4. How do you celebrate successes, your own and those of others?
I celebrate success for male and female counterparts and do not distinguish between them. Equal status means equal status. I celebrate by informing others within the relevant field and increasingly on social media.

5. What do you do, in your organisation or outside, to inspire the next generation of female talent?
I try to lead by example. Medicine is not truly representative of the professions in this regard in that entry to medical school if anything has more women than men. Consultant workforce similarly is more evenly balanced apart from some surgical specialities where women remain under represented. The last 2 CEOs at my Trust (for the last 20yrs) have been women.

6. What wisdom would you have told your younger self, if you had the chance?
I experimented with higher heels for a brief period, as many of the other females in medicine did this. Big mistake. Also as a young consultant I bought some suits, another mistake. I should have stuck to my own instincts and worn what pleased me, not what I thought pleased others.

7. Are women-led events and discussion panels useful?
They may be for some but not for me. I want expertise on a panel whatever the gender. Ideally men and women equally represented but I wouldn’t give a role to a woman purely because of gender, I think this is a retrograde step. Women need to be appointed because they are as good or better. If a female viewpoint is needed then of course this is a different matter.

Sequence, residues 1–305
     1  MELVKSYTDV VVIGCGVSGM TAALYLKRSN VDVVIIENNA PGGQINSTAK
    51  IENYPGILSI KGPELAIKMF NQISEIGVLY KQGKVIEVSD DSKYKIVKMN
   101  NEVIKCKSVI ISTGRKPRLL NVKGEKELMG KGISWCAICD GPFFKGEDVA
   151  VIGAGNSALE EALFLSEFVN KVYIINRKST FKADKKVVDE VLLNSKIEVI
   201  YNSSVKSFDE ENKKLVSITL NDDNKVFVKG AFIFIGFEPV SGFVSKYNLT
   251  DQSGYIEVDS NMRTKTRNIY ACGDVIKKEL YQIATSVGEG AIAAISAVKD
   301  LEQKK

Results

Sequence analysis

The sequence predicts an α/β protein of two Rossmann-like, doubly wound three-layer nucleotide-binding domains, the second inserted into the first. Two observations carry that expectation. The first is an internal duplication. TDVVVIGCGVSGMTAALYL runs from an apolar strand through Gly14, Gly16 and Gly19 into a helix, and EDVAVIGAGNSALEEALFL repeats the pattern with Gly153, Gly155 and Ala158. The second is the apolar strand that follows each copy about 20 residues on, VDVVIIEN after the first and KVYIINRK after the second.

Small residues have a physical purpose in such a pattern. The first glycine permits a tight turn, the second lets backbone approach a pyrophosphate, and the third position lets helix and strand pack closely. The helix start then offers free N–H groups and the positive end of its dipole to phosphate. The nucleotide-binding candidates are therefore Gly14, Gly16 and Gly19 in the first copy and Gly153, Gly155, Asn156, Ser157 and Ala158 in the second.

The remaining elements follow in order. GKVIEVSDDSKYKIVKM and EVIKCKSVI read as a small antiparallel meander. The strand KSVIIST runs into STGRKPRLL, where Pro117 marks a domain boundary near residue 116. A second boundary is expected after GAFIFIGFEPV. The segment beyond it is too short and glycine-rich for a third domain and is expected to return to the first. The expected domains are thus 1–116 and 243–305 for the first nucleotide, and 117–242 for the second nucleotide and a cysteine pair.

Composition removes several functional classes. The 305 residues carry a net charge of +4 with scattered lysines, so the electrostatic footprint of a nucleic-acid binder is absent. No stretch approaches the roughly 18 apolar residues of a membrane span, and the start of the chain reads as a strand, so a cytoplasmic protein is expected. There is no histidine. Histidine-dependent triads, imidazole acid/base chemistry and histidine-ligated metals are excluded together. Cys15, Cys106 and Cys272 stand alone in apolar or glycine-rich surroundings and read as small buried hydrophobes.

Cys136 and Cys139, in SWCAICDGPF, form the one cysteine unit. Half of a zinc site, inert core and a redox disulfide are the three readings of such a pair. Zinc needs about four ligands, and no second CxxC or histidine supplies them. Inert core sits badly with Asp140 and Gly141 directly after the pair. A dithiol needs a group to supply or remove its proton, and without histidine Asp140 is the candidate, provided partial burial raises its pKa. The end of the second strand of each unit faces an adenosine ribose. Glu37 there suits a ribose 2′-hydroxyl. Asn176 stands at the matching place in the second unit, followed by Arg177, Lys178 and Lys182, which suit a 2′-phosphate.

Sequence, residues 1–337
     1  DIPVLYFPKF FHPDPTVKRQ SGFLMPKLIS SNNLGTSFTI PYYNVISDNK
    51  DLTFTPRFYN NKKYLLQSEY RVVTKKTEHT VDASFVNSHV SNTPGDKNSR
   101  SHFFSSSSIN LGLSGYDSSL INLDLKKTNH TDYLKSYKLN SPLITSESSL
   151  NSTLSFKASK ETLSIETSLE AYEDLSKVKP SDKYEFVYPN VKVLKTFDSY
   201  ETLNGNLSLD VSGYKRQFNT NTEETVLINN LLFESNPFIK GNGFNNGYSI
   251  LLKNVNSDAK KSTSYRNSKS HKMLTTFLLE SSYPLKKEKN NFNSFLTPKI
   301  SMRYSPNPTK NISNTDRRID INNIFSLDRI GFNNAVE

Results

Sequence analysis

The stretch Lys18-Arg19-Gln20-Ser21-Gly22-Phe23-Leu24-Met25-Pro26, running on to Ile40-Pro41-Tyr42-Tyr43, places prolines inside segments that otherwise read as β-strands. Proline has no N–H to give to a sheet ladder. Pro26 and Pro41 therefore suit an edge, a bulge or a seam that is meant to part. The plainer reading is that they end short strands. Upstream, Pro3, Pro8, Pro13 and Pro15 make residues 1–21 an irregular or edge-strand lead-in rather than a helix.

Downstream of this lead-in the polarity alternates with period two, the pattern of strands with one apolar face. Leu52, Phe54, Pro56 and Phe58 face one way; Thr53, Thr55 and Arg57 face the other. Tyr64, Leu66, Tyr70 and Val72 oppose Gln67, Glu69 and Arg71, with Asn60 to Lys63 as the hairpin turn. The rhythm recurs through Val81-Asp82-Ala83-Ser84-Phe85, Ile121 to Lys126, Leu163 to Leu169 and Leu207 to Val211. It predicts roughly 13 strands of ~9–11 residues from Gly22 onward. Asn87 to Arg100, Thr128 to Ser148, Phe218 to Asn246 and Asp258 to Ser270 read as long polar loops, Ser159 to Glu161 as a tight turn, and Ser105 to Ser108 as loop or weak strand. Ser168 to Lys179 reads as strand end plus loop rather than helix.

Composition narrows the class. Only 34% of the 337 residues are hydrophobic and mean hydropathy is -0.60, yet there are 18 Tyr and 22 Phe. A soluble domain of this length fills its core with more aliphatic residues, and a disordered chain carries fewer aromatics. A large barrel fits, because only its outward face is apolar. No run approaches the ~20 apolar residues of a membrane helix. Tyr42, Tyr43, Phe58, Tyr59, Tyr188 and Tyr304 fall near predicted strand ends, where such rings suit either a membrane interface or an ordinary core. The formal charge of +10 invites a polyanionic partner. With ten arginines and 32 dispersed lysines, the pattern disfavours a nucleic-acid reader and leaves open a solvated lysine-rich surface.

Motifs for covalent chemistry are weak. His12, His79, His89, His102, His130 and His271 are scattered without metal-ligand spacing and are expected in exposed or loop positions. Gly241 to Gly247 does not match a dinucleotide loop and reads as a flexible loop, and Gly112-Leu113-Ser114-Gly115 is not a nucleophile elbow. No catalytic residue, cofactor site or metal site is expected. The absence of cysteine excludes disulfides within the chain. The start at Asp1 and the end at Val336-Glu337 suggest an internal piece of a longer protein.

8. What is your advice to others to achieve a work / life balance?
Demand it. Play fair, if you leave early because of child commitments, be honest, be upfront and pay back the time. Transparency is of utmost importance. Do not feel the need to apologise, it is your right. Plan your working week fairly to suit your needs. Choose a partner who completely agrees with your way of sharing childcare. No point having strong views then ending up with a partner who expects dinner on the table and cannot change a nappy. Celebrate your role as a mother and a worker, they are both important.

9. How can an organisation encourage gender equality, inclusion and diversity?
No tolerance approach to discrimination. Actively encourage both genders to seek training, promotion. This applies to males in traditionally female dominated roles as well as LGBT, ethnic minorities etc. Encourage employees to not tolerate office gossip /conversation that has discriminatory tones.

10. What can we as individuals do to create a future of gender balance?
Be role models for the next generation, as a parent, friend, employee. Actively question why many sports clubs, dining societies, professional clubs still exclude women, or men for that matter. Ladies Days for example, how abhorrent are they? Just because something is traditional or historic doesn’t make it acceptable today.